U.K. MAN BIKES THROUGH BRAZIL FOR CHARITY
A U.K. man has raised £2,800 ($5,335 US) for deaf children by riding his bicycle more than 200 miles across Brazil. Graham Purdam, 67, of Holmfirth, tackled the ride on behalf of the National Deaf Children’s Society, said the Huddersfield Daily Examiner. He is one of about 1,500 cyclists who have participated in NDCS challenges since the agency set up the program in 1997. It was not his first charity cycle event, said the report; in April 2005, he and friend Anna Skibinska, 32, rode 500 miles in South Africa with 38 other fundraisers, raising over $190,000 as a group for the deaf charity. To learn more about the challenge program, visit www.ndcschallenges.org.uk/.
DEAF GUITARIST ORGANIZES CHARITY EVENT
A deaf U.K. guitarist is organizing a charity concert for people with breast cancer, reported the Croydon Guardian. Alan Higgins, 51, lost nearly all his hearing when he was 4 years old and learned to play guitar by biting the strings and memorizing the vibrations of the sounds they produced. “I have had to work so hard at it you wouldn’t believe it,” he said. Higgins underwent many operations as a child and missed a lot of school, causing him to learn to read and write on his own. “When I was growing up,” he said, “no one seemed to have a clue what to do with me.” Alan’s Rock and Blues Xmas Party for Breakthrough Breast Cancer is set for December 1 at Mama K’s Blues Bar in Croydon.
NAMIBIAN STUDENTS ‘INVENT’ 24 NEW SIGNS
Five deaf students from Namibia have invented 24 new signs for various insects, spiders and reptiles. The students, who attend the Namibian Institute for Special Education, were inspired to create the signs after attending an EduVenture trip and discovering that signs for insects such as grasshoppers and dragonflies do not exist in their sign vocabulary. With help from EduVenture scientists, the youngsters created the new signs based on the animals’ typical characteristics, reported AllAfrica.com. They assembled a booklet called, “Talking With Hands About Bugs,” and received a creativity award at an International Science Fair in August.
HOLIDAY CARDS ON SALE IN CANADA
The Canadian Hearing Society is selling holiday cards to raise money for services to people who are deaf and hard of hearing. The card’s artwork, featuring three snowpeople, was created by CHS consumers Haley, 4, and Ashley, 6. A package of 10 cards is available for $12 ($10.62 US). To place an order, visit www.chs.ca/chsshop/shopexd.asp?id=189.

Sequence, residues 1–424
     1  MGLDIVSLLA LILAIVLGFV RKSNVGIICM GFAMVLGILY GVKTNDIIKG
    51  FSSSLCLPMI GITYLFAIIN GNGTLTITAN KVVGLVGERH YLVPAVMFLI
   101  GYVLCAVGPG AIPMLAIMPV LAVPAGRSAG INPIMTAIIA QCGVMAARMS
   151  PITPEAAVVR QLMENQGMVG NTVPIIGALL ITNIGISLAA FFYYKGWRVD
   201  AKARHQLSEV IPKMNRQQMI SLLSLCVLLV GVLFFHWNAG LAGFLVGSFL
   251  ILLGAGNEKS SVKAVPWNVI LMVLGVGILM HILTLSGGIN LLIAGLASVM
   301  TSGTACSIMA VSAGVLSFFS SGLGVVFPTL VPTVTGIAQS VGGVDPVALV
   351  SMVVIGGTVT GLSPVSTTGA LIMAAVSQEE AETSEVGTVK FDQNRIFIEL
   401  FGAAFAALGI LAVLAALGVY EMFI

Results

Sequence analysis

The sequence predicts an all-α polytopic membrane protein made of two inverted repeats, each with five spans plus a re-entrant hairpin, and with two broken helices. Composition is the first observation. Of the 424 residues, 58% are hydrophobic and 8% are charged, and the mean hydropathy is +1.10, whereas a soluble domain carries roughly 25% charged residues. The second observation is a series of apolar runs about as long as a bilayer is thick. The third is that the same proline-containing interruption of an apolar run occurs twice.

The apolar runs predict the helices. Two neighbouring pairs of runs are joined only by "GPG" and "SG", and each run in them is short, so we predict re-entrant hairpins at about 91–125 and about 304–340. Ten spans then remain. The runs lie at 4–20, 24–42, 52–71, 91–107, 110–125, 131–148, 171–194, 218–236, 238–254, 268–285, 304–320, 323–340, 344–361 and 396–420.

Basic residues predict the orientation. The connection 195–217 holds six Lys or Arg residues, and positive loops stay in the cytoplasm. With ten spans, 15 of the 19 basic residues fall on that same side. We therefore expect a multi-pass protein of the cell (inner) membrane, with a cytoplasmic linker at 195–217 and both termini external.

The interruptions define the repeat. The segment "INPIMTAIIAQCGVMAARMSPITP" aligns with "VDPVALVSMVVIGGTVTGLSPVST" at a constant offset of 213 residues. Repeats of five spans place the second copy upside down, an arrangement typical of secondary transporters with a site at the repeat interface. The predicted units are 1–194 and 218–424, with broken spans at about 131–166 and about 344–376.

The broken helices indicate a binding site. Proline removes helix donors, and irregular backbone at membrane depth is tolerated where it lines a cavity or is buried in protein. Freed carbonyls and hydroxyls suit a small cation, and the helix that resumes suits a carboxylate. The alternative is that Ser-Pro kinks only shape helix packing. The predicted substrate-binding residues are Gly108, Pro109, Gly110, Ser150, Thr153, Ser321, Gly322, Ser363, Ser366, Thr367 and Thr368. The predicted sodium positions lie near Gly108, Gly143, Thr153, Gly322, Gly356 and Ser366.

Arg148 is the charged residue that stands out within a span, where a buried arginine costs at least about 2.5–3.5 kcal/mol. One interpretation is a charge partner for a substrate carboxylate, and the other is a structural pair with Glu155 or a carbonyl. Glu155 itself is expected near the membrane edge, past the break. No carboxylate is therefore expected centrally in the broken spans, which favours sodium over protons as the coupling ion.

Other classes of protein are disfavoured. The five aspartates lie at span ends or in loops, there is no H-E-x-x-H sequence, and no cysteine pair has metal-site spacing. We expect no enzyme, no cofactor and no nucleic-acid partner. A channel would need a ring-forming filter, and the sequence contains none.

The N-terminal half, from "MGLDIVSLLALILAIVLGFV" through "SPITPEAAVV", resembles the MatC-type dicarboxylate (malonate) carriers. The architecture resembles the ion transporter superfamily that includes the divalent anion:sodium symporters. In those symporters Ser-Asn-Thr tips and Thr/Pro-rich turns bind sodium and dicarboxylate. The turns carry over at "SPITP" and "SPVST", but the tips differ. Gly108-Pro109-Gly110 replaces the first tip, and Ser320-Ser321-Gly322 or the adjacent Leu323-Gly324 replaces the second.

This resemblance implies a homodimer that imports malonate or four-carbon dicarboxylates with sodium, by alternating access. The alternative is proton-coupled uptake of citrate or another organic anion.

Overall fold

Last week’s Deafweekly reported that Peter Gesa, a deaf 17-year-old, was killed by a punch to the head outside a McDonald’s restaurant in Cairns, U.K. Actually, Cairns is in Australia. We regret the error.
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LIFE & LEISURE
NEW JERSEY MOMS PUSH FOR HEARING AID COVERAGE
Lawmakers in New Jersey will vote on a bill next month that would require insurance companies to cover hearing aids for children 15 years old or younger. The campaign to pass “Grace’s Law” began eight years ago under the direction of Jeanine Gleba, whose daughter Grace has a severe hearing impairment. The original bill was introduced by the late Assemblyman Melvin Cottrell in 1999. Recently another New Jersey mother, Lynn Marie Whitenight, joined forces with Gleba. Whitenight, whose son Jake was born in August with a severe bilateral hearing loss, has written to legislators and started a website (www.graceslaw.com) to promote the cause. “Our goal is for insurers to recognize that hearing aids are a medical necessity,” she said.
NEW GUIDELINES CALL FOR MORE EXTENSIVE SCREENING
Science Line, a New York University publication, reported last week on new guidelines that could lead to better diagnosis and treatment of congenital hearing loss. Updated fact sheets, first issued in 1996, were recently approved by the American Academy of Pediatrics and call for clinicians to screen newborns for a dozen different genetic diseases, including hearing loss. A new test called tandem mass spectrometry (TMS) allows clinicians to screen for more than 30 diseases with one small blood sample, at a cost of about $16. “It’ll help to identify these kids [with hearing loss] a lot sooner,” said audiologist Joan Besing.
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** TWO NEW BOOKS BY TOM WILLARD **
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MERGER TO COMBINE INTERPRETING, CAPTION FIRMS